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How To Sharpen a Power Lawn Mower Blade

Sharpening a lawn mower blade does not require the same skill and precision as sharpening fine wood chisels, so don't be intimidated. A dull lawn mower blade results in the grass being torn rather than cut. The problem with that is that the grass is more susceptible to disease as a result. It also tends to make the tips of the grass turn brown. Your lawn mower has to work harder and so do you. The poor cutting edge means that your lawn mower can't cut as quickly and you may find yourself having to mow the same spot more than once to get the job done.

Caution: Please read our safety information before attempting any testing or repairs.

Sharpening a lawn mower blade isn't difficult, nor is it expensive should you decide to have it done professionally. In either case, you will have to remove the blade.

Disconnect the spark plug wire and remove the spark plug. You don't want the mower to start up while you are removing the blade. Be sure to drain the gas tank or run the mower dry before tipping it up on its side. Wedge a 2 x 4 or similar block of wood between the blade and the deck to hold the blade in place. Remove the bolt(s) that secures the blade to the mower and remove the blade. Make sure to note the order of the nut and washers (if any) as you take them off.

Inspect the blade for damage and excessive wear. If you find any cracks or large bits missing, then just replace the blade. Also, the blade should have a 45 degree bevel on the cutting edge. If this bevel has disappeared, then just replace the blade, don't try to restore the bevel by sharpening.

Since the motor turns in only one direction, the blade only needs to be sharp on the forward facing edge. Because the blade is rotary, the sharp edge will be on opposite sides at either end.

If the bevel is visible, sharpen the blade by following the existing angle. You can sharpen the blade with a file, sharpening tool, grinding stone or a bench grinder. Always wear safety goggles when sharpening tools. The goal is to hold the blade or the tool to match the angle of the bevel and then draw the tool over the blade to bring the dull edge back to sharp. Because this isn't a precision blade, don't worry too much about getting it perfectly sharp and don't worry if you can't keep the angle completely consistent down the edge of the blade.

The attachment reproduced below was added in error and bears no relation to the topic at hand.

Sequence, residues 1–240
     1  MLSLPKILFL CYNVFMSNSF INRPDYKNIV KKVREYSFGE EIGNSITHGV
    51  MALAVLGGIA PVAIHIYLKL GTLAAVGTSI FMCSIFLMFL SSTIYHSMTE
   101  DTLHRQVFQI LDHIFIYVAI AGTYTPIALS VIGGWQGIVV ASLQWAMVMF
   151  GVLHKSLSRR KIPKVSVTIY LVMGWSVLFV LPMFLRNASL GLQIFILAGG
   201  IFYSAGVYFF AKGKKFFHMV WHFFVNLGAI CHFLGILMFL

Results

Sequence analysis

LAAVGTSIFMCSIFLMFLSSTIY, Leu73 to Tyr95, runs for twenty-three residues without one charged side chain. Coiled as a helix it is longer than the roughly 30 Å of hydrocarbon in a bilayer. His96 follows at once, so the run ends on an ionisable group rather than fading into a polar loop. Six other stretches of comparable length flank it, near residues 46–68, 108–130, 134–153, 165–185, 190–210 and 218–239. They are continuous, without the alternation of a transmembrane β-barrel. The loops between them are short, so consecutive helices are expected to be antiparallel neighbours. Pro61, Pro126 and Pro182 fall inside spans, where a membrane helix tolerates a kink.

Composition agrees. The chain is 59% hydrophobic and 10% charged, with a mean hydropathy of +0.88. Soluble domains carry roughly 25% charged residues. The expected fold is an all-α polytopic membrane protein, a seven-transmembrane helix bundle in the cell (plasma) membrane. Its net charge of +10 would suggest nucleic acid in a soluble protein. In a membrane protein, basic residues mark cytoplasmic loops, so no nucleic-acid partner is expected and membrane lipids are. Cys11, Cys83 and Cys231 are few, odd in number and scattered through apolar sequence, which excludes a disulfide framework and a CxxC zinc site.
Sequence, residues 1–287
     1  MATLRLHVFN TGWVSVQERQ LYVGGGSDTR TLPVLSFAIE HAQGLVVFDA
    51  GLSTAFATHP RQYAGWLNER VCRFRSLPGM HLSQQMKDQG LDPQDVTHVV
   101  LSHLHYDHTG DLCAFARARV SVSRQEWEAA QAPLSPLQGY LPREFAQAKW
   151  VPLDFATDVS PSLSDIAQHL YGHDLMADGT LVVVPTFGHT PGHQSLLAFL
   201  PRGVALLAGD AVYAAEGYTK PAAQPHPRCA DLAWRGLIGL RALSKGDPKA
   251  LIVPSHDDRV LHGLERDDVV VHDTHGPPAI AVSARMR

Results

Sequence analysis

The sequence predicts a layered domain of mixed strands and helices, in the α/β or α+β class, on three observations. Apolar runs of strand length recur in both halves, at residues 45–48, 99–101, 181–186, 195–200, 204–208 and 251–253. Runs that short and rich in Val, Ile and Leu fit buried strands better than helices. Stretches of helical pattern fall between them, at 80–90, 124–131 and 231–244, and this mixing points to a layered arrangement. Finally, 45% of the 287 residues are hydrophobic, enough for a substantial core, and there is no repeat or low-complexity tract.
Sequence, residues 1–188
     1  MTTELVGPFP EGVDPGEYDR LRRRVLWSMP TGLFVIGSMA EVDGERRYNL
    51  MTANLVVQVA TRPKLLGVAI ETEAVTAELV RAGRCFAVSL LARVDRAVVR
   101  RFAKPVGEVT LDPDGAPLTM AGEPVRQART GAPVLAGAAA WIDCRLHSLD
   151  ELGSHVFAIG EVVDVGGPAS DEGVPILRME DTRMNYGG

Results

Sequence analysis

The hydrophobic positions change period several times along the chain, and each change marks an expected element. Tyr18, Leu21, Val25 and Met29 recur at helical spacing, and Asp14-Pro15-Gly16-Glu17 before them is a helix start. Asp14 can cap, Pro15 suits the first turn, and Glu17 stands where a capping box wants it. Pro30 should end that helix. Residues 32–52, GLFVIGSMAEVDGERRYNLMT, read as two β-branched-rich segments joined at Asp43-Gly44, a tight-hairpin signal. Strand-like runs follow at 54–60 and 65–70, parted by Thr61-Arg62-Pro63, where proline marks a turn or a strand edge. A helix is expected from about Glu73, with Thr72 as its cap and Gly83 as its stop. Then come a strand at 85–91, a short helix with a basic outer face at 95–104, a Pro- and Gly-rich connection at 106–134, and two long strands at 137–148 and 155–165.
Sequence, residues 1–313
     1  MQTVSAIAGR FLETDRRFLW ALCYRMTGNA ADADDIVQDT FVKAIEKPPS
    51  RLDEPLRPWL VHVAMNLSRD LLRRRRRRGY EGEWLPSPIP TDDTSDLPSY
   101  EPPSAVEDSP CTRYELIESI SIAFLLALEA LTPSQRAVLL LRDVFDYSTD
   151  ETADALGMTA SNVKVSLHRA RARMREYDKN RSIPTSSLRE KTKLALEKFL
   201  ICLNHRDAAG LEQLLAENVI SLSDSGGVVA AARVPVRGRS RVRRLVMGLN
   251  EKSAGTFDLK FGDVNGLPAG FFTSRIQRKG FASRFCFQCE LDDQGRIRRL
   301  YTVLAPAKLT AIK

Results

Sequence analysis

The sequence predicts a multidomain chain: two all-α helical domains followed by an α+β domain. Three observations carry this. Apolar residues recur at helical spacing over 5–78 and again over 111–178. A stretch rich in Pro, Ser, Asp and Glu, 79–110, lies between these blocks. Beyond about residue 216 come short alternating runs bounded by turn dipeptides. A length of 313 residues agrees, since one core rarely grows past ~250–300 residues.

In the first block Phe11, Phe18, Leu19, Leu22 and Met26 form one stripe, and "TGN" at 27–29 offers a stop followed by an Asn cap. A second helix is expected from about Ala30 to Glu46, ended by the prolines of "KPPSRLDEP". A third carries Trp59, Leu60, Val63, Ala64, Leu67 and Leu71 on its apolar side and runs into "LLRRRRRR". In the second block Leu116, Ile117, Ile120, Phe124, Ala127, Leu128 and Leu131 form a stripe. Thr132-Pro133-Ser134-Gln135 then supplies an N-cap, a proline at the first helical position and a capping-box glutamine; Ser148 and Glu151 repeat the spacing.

Place the blade in a bench vise to hold it securely. Run the file along the length of the blade while also drawing the file from the thicker part of the blade toward the sharp edge. Essentially you are filing the blade diagonally. Drawing it the other way, from the edge to the thicker part of the blade, will result in poor sharpening and excessive unevenness.

Before returning the blade to the lawn mower, you must check the blade for balance. An out of balance blade will cause excessive vibration and eventually damage the lawnmower.

Hang the blade on a nail, parallel to the ground. If the blade is unbalanced, one end will drop downward. The end that drops down is heavier. Sharpen the heavy end to remove some metal and then retest for balance. Once balanced, it can be reinstalled on the mower.

Make sure the blade's edge is facing toward the ground; it can be easy to install the blade upside on some mowers. Replace all the fasteners and tighten them securely.

While you have access to the underside of the mower, clean out any grass build-up. Wet grass build-up causes rust.

Remove the wooden block, restore the spark plug, reconnect the spark plug wire and refill with gasoline. Your mower is ready to go.





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